Commission's capital requirements and allow the Commission to assess

    the risks and exposures that these entities are managing.

    As detailed above in Section II.C of this proposal, the Commission

    is requiring all SDs to file certain financial information pertaining

    to their capital requirements. Those SDs that are prudentially

    regulated are provided with the option to submit their financial

    information that is reported to their prudential regulator to the

    Commission. In addition, those SDs that are also FCMs may file their

    financial information pertaining to their capital requirements under

    this proposal with the Commission, including notices, in the same

    manner as they currently report. For those SDs that are also registered

    with the SEC as a BD or a SBSD, these SDs may file the same financial

    information to the Commission, as they file with the SEC. In filing the

    proposed required financial information with the Commission, these

    entities must file through the Winjammer electronic filing system.

    Alternatively, these same SDs have the option to report their financial

    information like stand-alone SDs, commercial SDs and MSPs report their

    financial information to the Commission. The Commission is providing

    this option, as the information reported to the Commission under this

    proposal and that is filed with the Commission or other financial

    regulatory agencies are similar, as the information provides the

    Commission with the ability to assess and monitor an SD's financial

    condition and whether the SD is currently meeting the Commission's

    capital requirements. In permitting these SDs to use their current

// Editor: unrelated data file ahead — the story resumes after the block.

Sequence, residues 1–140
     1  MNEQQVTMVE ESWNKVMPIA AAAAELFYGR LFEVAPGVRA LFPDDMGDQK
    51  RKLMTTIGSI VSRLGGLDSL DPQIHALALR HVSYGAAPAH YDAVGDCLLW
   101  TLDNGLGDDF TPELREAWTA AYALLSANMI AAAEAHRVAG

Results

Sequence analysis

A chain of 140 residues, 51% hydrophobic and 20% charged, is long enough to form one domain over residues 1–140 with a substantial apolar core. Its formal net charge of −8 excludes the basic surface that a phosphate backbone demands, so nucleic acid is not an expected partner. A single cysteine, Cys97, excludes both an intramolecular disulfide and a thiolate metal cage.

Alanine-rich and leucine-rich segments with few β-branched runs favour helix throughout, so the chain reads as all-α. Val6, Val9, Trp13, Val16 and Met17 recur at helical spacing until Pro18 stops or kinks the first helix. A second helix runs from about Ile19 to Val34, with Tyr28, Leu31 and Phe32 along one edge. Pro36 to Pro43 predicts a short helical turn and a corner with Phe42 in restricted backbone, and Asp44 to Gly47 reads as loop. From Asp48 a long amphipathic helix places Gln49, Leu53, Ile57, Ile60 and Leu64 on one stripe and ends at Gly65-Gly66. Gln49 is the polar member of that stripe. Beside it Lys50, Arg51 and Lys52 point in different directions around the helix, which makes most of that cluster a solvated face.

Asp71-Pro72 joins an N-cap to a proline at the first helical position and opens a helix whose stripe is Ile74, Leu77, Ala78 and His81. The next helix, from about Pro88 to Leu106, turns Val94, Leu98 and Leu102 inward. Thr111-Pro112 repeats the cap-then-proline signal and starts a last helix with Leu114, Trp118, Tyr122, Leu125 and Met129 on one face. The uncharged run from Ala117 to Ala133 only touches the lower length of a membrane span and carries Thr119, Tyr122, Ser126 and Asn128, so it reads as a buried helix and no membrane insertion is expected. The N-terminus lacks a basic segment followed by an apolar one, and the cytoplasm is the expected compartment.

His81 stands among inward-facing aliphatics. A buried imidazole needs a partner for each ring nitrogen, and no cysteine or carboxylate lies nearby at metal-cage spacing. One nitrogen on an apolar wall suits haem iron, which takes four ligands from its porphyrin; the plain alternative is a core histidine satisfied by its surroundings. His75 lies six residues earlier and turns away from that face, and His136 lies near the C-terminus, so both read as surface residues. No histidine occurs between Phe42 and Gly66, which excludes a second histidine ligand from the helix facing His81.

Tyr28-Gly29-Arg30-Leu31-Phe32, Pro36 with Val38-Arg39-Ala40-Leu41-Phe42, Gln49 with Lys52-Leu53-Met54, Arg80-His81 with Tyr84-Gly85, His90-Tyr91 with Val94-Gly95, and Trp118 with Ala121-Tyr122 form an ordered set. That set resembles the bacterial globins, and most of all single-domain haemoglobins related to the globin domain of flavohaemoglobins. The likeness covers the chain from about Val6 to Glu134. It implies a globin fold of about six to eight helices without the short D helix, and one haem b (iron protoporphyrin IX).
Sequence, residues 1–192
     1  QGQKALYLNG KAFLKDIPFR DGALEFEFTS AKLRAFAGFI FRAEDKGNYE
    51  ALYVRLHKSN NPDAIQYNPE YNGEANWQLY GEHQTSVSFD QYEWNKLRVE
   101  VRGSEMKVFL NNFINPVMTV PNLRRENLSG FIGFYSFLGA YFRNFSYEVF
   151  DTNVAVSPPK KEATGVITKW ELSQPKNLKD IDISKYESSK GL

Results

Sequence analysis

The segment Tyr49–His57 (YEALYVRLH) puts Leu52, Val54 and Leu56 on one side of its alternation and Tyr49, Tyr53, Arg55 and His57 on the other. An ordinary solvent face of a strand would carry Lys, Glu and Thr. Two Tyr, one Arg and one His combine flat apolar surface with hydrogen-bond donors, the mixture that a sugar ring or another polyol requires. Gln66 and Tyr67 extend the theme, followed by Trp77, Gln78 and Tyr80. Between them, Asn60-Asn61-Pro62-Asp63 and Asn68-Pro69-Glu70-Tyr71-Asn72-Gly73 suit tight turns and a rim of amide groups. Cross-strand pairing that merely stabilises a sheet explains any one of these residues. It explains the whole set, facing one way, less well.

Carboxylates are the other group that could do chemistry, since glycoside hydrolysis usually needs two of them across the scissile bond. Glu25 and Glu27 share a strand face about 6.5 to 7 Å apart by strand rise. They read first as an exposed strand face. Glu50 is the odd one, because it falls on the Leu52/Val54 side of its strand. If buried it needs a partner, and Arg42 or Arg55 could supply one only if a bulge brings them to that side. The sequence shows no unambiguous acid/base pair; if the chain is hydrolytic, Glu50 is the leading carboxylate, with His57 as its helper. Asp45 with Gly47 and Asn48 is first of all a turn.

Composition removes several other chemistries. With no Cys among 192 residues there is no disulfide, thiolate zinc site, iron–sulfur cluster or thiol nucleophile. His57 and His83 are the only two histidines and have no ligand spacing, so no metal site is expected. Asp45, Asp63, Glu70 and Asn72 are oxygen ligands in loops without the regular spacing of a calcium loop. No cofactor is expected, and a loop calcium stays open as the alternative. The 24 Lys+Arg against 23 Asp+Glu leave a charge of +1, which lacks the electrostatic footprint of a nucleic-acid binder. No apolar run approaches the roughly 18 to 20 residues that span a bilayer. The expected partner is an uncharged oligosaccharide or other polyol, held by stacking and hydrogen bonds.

required information, the Commission believes that this should mitigate

    some additional costs to prepare and report this information to the

    Commission. In addition, these SDs should already have developed

    policies, procedures and systems to aggregate, monitor, and track their

    swap dealing activities and risks. As such, this should also mitigate

    some of the costs incurred under the proposal.

    Under the proposal, those SDs and MSPs that are not subject to

    current capital requirements will have to develop and establish

    policies, procedures and systems to monitor, track, calculate and

    report the required information. In developing these policies,

    procedures and systems, these SDs will incur costs; however, as these

    entities are registered with the Commission as SDs, the Commission

    believes that they should already have developed policies, procedures

    and systems to aggregate, monitor, and track their swap activities and

    risks, as is required under the Commission's swap dealer framework.

    This should mitigate some of the burdens of the proposed reporting and

    recordkeeping

    [[Page 91296]]

    requirements. In addition, as the information that the Commission is

    proposing to require is based on GAAP or another accounting method,

    this information is already being prepared for other purposes and

    therefore, should again mitigate the costs in meeting these proposed

    requirements.

    The Commission also believes that as a result of the proposed

    reporting and recordkeeping requirements, SDs should be able to more